It started last year after my stroke. I got out of the hospital on October 31; there was to be no getting out to avoid the trick-o-treaters.  I had to go home.  I could not imagine turning the lights off and being locked inside while "people" were outside wanting to greet me and receive candy.  I surprised my husband as I said please just stop by and pick up some candy on the way home.

We oohed at awwed over the spider man costumes, angels, princesses, football players and ghosts.  We shouted hello to parents on the street pushing younger siblings in the stroller.  We participated and it made me happy to see people.

As Halloween approached this year I was a bit confused about what we should do.  Having spent the "prime" of my children's childhood not participating in Halloween, how now could I participate?  It is an evil holiday with MUCH that eeks me out. I hate that my niece and nephew can't walk to my house because of skeletons in the trees, and graves, and ghosts!  Scrare!

Then I read this:  Z shares a clip from a post about Halloween, I click over and read the whole thing, and the comments (not a fan of the ugliness) but the thought began:

"When else are my neighbors going to come knocking on my door?"

Our Family is going to get out in our yard; the grown married kids are coming to help too.  We are going to serve our neighborhood by setting up a photo center and take pictures for families.  We made stickers for the backs of the photos that say:

October 31, 2009
“Love the Lord your God with all your heart and with all your
soul and with all your strength and with all your mind and,
Love your neighbor as yourself.”
Luke 10:27

Your neighbors, The Polk Family
Trent, Jen & Hunter
*and our address*

Then the thoughts snowballed and we wanted something for the parents.  Well, we decided to do a Family Gift Basket. We put a Veggie Tale Video, a few gift parenting books, a "Pumpkin Gospel" children's book, a few other gifts, popcorn and gift certificate to a date night at Olive Garden.  It is quite a nice basket if I do say so myself. Each family can enter and we will deliver the basket at the end of the evening.

Guess what, we will have their names and addresses and we can pray over them, send them Christmas Cards, and generally set on mission to "know" them.

There will be nothing "Halloweeney" about my house.  No jack-o-laterns, skeletons, ANYTHING evil.

Unless you count Zeke in a dalmatian costume as evil.

That's what I thought.

So, this is the idea that I feel the Lord is having us step out and do. It started with how we could "serve" our neighbors and we'll see how it ends.

It's a stretch... not the serving in the way we have been called.  Not the LOVING on, or  talking to my neighbors; Lord knows my family will say I can start up a conversation with a wall.  ...Just the dealing with the thoughts about "what will my friends think."  Then... I know, those that know me will totally get this.  and my new motto beats all fear: Obedience trumps worse case scenario.

We are not celebrating Halloween, we are participating with others as they celebrate Halloween. Just a point of semantics for some. But it is an issue of HEART for me.

See,  we are simply trying to "LOVE OUR NEIGHBORS MORE THAN OURSELVES."


Lauren said...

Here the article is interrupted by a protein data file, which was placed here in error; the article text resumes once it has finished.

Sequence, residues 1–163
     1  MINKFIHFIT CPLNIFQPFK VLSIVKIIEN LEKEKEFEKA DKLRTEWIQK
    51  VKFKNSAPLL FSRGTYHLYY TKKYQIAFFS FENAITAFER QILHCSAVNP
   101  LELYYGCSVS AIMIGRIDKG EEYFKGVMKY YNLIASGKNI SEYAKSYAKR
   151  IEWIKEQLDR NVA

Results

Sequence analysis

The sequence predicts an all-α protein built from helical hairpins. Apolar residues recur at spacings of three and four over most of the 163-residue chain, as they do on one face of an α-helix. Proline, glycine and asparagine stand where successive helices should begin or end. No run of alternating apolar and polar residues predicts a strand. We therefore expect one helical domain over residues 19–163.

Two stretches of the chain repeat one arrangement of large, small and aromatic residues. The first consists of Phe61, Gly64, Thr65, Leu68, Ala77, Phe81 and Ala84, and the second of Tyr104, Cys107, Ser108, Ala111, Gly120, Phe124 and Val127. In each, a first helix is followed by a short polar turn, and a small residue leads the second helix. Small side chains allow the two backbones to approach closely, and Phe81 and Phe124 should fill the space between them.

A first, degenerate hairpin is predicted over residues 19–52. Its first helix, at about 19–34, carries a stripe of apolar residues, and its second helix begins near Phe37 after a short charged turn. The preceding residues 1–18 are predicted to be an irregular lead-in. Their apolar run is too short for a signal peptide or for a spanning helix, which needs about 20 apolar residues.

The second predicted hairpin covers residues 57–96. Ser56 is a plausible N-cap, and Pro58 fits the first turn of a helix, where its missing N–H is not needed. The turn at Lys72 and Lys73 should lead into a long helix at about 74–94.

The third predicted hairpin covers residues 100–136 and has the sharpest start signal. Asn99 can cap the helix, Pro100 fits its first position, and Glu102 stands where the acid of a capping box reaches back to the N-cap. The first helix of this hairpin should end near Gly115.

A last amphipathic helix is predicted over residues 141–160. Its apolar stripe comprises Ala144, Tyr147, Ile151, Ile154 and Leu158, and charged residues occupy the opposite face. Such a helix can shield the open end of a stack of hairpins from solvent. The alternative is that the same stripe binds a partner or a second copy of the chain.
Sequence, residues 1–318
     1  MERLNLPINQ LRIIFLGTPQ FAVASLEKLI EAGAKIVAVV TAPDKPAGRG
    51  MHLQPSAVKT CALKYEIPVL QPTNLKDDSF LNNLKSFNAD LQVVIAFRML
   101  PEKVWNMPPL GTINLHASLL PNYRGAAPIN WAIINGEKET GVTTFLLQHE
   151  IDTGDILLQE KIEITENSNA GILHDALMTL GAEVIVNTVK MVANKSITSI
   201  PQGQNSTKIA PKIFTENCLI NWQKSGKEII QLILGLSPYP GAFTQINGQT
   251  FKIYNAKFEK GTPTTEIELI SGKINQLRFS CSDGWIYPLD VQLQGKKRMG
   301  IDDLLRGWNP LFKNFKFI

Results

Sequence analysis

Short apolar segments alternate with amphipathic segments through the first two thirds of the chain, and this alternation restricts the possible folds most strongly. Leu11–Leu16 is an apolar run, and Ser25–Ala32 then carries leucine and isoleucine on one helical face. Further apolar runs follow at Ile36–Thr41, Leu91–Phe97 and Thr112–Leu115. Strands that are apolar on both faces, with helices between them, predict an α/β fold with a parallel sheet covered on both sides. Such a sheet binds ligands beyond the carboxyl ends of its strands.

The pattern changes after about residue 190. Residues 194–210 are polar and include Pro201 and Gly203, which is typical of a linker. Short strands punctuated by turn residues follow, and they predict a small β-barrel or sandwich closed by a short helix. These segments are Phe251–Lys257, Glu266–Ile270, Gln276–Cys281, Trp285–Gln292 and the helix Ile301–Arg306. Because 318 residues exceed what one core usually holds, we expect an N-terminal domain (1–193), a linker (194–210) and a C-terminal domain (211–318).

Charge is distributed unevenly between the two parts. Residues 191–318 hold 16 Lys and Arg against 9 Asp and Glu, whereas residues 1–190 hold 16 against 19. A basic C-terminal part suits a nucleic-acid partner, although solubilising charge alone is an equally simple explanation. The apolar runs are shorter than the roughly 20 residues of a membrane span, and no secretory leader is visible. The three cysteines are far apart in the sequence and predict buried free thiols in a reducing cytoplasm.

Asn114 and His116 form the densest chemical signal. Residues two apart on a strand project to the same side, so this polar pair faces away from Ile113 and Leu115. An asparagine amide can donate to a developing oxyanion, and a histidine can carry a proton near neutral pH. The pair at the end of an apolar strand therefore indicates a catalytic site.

What a wonderful idea!! We don't do Halloween, but I agree: in my opinion, there is nothing of Jesus meeting people wherever they are about sitting in a house with the curtains drawn and pretending like we're not home. Every year I intend to purchase/order some sweet child-friendly tracts or inexpensive...something or other to pass to the little ones along with their candy, but I keep forgetting until the day before. (argh!)

I really, really love your idea about the gift basket drawing! What a sweet way to get to actually KNOW the neighbors who come knocking, rather than just calling out hello, and telling the children to have a happy and safe night. (I don't even wish them a happy halloween...just a happy night!)

This is such a sweet, missional, and intentional way to approach loving our neighbors and sharing Jesus' love with them! I will most definitely be copying you next year! ;)

Just one quick question, since even in our conservative church, many families do allow children to trick or treat, so I've never asked anyone before: Have your children ever felt like they were getting shorted by not getting to walk around and amass lots of candy? I've thought about - as they get older - putting together special Reformation Day gift baskets (including some candy or special treats) for them to enjoy while we're answering the door to TOT'ers, but I was wondering how other parents handle this. Thanks in advance for your input! :)

Deborah Ann said...

Well I'm sure glad I read this (read the other article too). What a great opportunity to be a witness for Christ! Though last night we only had one knock on the door - not too many trick or treat in this neighborhood. But WWJD on Halloween really gets me thinking. The gift basket idea is awesome!

Laine said...

As usual, your creativity, love for the Lord, and desire to be obedient is encouraging, insightful, and makes me miss living close enough to hug your neck! I need a bit of the Jen Poe hotline to Heaven...I'm gonna start taking notes... <3

missy said...

I love this Jen. We do Halloween, but I understand that some are truly convicted not to. Others, I feel are just being religious and self righteous. Anyway...I love this sweet approach you have chosen. Just read your followup and I'm just thrilled about it.